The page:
A crib sheet for last-minute holiday shoppers
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If you haven't started holiday shopping yet, here's the good news: You can still find deals. Retailers lower prices on excess inventory in the last days leading up to Christmas. The bad news? It's hard to shop smart on a time crunch. Fortunately, you can hack it. Here's a crib sheet for last-minute holiday shoppers.
Get thee to the store, because rush shipping is likely to cost you. Handsomely.
Consider Amazon Prime, which comes with unlimited, free two-day shipping. It's $99 a year ($8.25 a month) and easily worth the price if you order stuff from the retail giant all the time.
Shop off-peak hours to avoid crowds ... and, more importantly, avoid buying "whatever" just to get out of the store. Bonus: Most major chains open uber-early or close extra-late the week before Christmas.
Head for the clearance rack. Given how much merchandise stores keep on hand this time of year, final-sale pickings are often decidedly less slim.
Take time to look for coupons. Yes, you're in a rush, but, that doesn't mean junking savvy holiday-shopping strategies. Especially because, thanks to the internet, finding a discount code takes about 30 seconds.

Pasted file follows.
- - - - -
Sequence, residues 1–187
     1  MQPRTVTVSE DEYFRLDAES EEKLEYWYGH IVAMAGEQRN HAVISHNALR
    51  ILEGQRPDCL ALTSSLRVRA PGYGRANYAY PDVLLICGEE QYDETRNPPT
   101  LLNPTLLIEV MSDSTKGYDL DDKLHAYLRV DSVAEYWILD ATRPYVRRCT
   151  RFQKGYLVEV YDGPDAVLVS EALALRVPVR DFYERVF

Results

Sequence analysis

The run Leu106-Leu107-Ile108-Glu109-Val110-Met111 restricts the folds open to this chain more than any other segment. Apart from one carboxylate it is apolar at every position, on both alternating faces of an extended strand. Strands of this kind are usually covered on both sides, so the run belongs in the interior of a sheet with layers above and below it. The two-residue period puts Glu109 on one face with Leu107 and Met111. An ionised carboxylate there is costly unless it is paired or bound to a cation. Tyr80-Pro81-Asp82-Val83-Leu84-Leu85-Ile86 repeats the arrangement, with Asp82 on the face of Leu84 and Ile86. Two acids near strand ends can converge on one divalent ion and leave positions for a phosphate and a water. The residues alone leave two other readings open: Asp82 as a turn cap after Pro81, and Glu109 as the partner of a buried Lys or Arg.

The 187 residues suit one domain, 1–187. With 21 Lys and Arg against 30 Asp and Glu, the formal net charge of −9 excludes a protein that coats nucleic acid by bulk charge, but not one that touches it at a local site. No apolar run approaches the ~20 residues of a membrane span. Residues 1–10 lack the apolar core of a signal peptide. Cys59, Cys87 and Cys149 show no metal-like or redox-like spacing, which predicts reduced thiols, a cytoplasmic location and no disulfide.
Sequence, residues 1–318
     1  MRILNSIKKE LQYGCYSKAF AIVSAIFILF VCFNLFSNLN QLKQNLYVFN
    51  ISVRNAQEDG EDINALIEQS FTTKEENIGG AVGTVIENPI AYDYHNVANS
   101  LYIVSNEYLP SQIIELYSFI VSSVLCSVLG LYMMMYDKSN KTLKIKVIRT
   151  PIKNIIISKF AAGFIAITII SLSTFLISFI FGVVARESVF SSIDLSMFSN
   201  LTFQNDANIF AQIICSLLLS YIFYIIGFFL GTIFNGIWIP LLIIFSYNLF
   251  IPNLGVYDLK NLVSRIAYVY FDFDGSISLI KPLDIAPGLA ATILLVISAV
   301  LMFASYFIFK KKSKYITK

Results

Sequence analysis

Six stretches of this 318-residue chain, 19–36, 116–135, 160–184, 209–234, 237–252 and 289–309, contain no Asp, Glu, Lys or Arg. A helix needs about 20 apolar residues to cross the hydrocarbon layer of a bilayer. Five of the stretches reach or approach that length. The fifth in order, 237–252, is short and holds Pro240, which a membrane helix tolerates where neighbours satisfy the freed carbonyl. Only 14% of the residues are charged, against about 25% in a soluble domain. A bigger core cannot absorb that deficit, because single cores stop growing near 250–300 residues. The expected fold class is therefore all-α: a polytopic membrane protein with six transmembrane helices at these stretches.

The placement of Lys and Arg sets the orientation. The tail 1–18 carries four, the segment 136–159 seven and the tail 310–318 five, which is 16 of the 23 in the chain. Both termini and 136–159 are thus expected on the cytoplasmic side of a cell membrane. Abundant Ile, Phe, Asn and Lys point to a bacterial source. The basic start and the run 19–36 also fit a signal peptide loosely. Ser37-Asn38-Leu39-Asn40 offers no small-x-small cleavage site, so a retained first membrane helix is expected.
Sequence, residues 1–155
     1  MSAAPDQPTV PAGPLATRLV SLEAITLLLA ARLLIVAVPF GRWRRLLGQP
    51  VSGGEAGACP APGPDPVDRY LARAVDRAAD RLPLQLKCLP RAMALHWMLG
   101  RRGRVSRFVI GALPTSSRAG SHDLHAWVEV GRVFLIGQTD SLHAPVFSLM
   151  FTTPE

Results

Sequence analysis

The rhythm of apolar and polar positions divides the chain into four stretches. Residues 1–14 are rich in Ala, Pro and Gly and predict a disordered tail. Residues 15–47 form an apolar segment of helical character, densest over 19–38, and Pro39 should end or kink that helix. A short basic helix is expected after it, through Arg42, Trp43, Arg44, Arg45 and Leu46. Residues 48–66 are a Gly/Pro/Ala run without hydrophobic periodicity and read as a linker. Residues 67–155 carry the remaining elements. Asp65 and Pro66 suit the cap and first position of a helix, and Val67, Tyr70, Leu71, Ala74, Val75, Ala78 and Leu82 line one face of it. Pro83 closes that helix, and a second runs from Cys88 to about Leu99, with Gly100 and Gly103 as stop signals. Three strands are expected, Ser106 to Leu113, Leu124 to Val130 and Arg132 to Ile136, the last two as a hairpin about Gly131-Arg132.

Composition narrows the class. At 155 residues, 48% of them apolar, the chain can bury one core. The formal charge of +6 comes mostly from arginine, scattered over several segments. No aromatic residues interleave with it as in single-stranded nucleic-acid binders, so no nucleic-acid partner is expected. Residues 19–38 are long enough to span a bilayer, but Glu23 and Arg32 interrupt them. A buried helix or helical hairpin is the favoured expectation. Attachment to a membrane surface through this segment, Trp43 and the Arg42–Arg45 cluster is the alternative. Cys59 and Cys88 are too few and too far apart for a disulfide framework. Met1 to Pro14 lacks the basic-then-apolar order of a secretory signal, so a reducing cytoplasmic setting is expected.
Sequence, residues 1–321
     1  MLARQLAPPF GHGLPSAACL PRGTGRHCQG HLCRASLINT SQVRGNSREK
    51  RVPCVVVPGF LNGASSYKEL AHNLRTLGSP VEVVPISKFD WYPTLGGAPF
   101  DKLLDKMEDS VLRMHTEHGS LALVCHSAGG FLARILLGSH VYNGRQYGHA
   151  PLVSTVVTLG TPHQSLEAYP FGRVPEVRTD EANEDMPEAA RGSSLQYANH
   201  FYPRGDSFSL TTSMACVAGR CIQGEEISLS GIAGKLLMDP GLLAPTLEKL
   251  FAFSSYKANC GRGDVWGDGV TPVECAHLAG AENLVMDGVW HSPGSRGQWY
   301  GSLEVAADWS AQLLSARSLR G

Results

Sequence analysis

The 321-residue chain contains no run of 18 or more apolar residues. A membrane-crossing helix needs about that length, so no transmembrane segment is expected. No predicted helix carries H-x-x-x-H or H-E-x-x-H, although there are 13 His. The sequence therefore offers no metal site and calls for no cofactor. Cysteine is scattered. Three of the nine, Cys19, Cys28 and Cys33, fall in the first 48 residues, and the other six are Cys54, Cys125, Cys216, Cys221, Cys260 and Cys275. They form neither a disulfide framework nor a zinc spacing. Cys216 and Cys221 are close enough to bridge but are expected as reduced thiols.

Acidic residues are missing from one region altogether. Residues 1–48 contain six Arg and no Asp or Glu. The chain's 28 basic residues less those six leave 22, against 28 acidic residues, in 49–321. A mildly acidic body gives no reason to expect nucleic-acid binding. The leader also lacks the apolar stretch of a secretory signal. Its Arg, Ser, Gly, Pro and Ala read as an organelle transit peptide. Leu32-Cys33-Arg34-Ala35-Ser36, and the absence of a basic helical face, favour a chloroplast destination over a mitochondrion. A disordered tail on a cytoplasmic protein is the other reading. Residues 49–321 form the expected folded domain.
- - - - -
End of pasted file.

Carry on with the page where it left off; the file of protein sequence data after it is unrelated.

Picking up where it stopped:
Beware buying yourself stuff. All deals are dangerous if they motivate you to overspend, but get particularly smart about big-ticket items, like electronics or jewelry, which tend to tout the deepest discounts close to Christmas Eve.
Opt for store pickup. That way, you can comparison-shop from your couch, but still get gifts wrapped and ready for Christmas.
Take advantage of free gift wrapping. Yup, this is still a thing, so don't feel shy about asking what the store provides at checkout. Many major chains at least provide free boxes and tissue paper ... which can save you a trip to the convenience store.
Dress up an e-gift card. Yeah, we know, nothing says "last minute" like $50 sent straight to someone's inbox. But some sleek packaging and a clever gift tag makes a printout more personal.
Repeat the pretty packaging trick on other out-of-the-inbox presents, like concert tickets, subscription box services or charitable donations in someone's name.
E-gift. Stores like Macy's and Nordstrom let you pick out something online and send it digitally. Recipients get an email with a picture of the item and the option to pick the size and color or exchange it.
Regift. Not willy-nilly. Or to people in the circle the present came from. But, if you're under a time crunch and the item is something the recipient will love, there's no reason to let it go unused in your basement.
Check your balances to spot fraud and get ahead of overspending.
Discover you went overboard on gifts this year? We've got some steps you can take if your holiday debt climbs too high.
Image: KMM Productions
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